Madam Butterfly, Coliseumm, London

Butterfly takes wondrous flight
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The Independent Culture

A young Japanese bride - a prototype of Butterfly herself - slowly appears over the distant horizon and makes her way downstage trailing crimson sashes from her kimono. A rising mirror lends infinite depth and breathtaking aerial perspectives. Shadowy figures, veiled in black as if already in mourning, bind her waist in preparation for the wedding. The ritual complete, Puccini at last does for the ear what Minghella has already done for the eye.

One might have expected this most refined and seductive of film-makers to have graced the Coliseum stage with a series of beautiful images. What one hadn't expected was his total command of that stage, his thorough appreciation of what makes opera fill it.

This Butterfly is at once the simplest and most sumptuous thing we've ever seen in this theatre. It is the meeting of Japanese kabuki and Western opera but shot through with the expensive air and finely tuned manner of a Broadway show. When Butterfly's wedding party arrives, it too rises over a turquoise horizon and processes downstage as if seen through a shimmering heat haze.

The voluptuous colours of Han Feng's costumes, Peter Mumford's high-tech lighting, and Michael Levine's floating mirror conspire to amaze. The inevitable shower of cherry blossom and corridors of lanterns lead Butterfly gently and seductively to the bedchamber. The imagery almost succeeds in out Puccini-ing Puccini.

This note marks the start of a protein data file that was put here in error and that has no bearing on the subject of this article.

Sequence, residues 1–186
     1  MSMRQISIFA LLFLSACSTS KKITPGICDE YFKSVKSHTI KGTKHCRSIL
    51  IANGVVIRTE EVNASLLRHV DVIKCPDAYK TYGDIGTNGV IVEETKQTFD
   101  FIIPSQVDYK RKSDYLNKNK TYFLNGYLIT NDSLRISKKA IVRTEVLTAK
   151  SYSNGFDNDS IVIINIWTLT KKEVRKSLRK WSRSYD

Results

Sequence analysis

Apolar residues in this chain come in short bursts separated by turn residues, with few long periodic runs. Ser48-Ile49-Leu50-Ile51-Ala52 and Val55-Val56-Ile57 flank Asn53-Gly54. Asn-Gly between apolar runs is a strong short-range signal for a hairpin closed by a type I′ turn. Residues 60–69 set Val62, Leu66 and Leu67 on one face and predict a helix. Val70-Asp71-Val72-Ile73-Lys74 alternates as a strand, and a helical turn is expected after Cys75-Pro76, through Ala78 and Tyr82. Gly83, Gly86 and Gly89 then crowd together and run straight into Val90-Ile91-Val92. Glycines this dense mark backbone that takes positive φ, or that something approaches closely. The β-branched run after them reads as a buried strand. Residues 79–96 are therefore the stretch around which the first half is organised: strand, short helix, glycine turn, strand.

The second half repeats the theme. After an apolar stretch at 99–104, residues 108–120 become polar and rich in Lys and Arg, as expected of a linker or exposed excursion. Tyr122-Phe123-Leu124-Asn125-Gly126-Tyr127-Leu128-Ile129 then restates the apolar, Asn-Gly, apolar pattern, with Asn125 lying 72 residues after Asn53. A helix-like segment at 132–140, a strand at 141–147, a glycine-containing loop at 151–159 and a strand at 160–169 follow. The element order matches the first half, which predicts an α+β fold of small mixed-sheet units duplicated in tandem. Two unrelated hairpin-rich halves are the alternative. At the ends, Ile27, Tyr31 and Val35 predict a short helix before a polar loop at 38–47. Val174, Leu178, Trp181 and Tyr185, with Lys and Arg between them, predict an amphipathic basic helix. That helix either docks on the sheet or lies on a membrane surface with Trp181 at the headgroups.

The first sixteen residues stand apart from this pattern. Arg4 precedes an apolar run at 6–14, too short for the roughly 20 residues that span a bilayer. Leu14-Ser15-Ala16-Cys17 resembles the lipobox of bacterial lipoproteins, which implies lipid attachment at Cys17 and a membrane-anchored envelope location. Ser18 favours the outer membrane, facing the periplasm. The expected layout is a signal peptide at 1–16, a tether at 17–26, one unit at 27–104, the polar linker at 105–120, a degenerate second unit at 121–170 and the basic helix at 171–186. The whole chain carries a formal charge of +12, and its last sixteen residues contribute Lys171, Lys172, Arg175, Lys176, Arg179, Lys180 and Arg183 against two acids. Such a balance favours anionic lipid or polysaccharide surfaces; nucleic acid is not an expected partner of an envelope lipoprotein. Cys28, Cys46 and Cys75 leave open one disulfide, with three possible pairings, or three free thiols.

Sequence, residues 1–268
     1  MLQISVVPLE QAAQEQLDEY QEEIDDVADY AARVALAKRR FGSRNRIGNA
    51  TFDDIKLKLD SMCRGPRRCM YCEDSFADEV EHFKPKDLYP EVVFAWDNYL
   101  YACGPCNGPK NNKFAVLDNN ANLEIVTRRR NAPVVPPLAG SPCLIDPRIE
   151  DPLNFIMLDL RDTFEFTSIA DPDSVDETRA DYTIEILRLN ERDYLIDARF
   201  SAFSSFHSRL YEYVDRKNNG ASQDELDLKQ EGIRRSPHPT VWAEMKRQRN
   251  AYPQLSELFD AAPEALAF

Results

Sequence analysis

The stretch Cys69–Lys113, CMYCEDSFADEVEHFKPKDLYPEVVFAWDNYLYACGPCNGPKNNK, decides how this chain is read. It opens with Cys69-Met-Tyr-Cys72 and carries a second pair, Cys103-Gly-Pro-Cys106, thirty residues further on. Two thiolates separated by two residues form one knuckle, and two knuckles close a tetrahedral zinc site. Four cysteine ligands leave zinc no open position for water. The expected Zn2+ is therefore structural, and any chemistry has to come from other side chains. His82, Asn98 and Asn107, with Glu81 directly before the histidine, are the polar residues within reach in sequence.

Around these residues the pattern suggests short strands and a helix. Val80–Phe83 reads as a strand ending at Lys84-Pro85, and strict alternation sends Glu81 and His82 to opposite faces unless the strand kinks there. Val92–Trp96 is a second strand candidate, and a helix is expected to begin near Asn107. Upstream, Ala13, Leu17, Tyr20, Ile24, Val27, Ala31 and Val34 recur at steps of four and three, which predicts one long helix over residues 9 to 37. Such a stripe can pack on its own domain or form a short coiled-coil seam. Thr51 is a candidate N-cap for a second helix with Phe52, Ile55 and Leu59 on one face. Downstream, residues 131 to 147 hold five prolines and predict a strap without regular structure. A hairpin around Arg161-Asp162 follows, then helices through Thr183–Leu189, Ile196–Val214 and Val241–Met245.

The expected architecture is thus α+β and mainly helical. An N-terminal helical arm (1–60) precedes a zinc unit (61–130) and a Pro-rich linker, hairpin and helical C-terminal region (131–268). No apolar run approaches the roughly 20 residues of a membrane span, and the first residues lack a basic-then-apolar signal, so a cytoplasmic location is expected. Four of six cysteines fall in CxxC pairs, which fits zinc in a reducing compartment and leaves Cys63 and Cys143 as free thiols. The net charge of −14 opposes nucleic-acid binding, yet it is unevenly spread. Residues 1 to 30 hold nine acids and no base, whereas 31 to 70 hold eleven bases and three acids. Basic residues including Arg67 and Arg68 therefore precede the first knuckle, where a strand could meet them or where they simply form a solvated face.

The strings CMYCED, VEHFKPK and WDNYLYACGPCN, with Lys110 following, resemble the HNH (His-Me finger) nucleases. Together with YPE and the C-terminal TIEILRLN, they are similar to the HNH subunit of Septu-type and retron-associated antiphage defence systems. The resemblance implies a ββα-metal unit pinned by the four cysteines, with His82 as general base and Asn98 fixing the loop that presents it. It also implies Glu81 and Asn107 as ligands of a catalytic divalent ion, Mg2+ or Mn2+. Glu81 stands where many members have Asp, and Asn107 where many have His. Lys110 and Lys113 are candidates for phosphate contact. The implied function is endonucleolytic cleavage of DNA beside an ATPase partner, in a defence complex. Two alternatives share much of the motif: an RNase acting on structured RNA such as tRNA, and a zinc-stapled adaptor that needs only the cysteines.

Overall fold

And yet there is heart and soul and real dramatic awareness at work here. The opening of Act Two wrong-foots us with a short-lived scene of marital bliss as Butterfly serves tea to her adoring husband. It's a scene you imagine she replays daily. But like everything else in her rapidly crumbling world, it's a delusion. The husband retreats, along with the exquisite furniture, and she's left with what might have become his favourite armchair - and his son, "Sorrow".

It is here that the boldest and most controversial aspect of Minghella's staging - his use of puppetry - comes into its own. Instead of a child, three wonderful puppeteers breathe tangible life into a little Japanese doll in a sailor suit. The physical detail, the restless, excitable, mother-clinging actions and reactions are such that a child actor could never give us and after a while you stop noticing the puppeteers and, like Butterfly, you see only genuine emotion and need in the impassive doll-face.

This is extraordinary. And it is a measure of Mary Plazas' touching performance in the title role that she too makes the puppet real for us. We begin to see and feel the world through her sensibilities. Plazas may not possess what many believe to be the ideal Butterfly voice. Though big and vibrant for her tiny frame, the reach of the big phrases and the vocal reserves necessary to fill and fully extend them is not always quite within her grasp. But she is a musician through and through and her wealth of experience brings much that is personal and touching, not least the way end cadences melt away, now hopeful, now hopeless.

Gwyn Hughes Jones (Pinkerton) got a couple of what I'm assuming were pantomime boos at the curtain call but though dry and a little shallow of tone, he delivered. Jean Rigby was a seasoned Suzuki, noble in her final indignation, and Christopher Perves was ringingly compassionate as the US Consul, Sharpless.

But the power and majesty of the evening belonged to Minghella and his associate director/choreographer Carolyn Choa. The final long-shot of Butterfly, the crimson sashes spilling from her body like her very life-blood, is one of many images that will be selling a lot of tickets for ENO in the months ahead.

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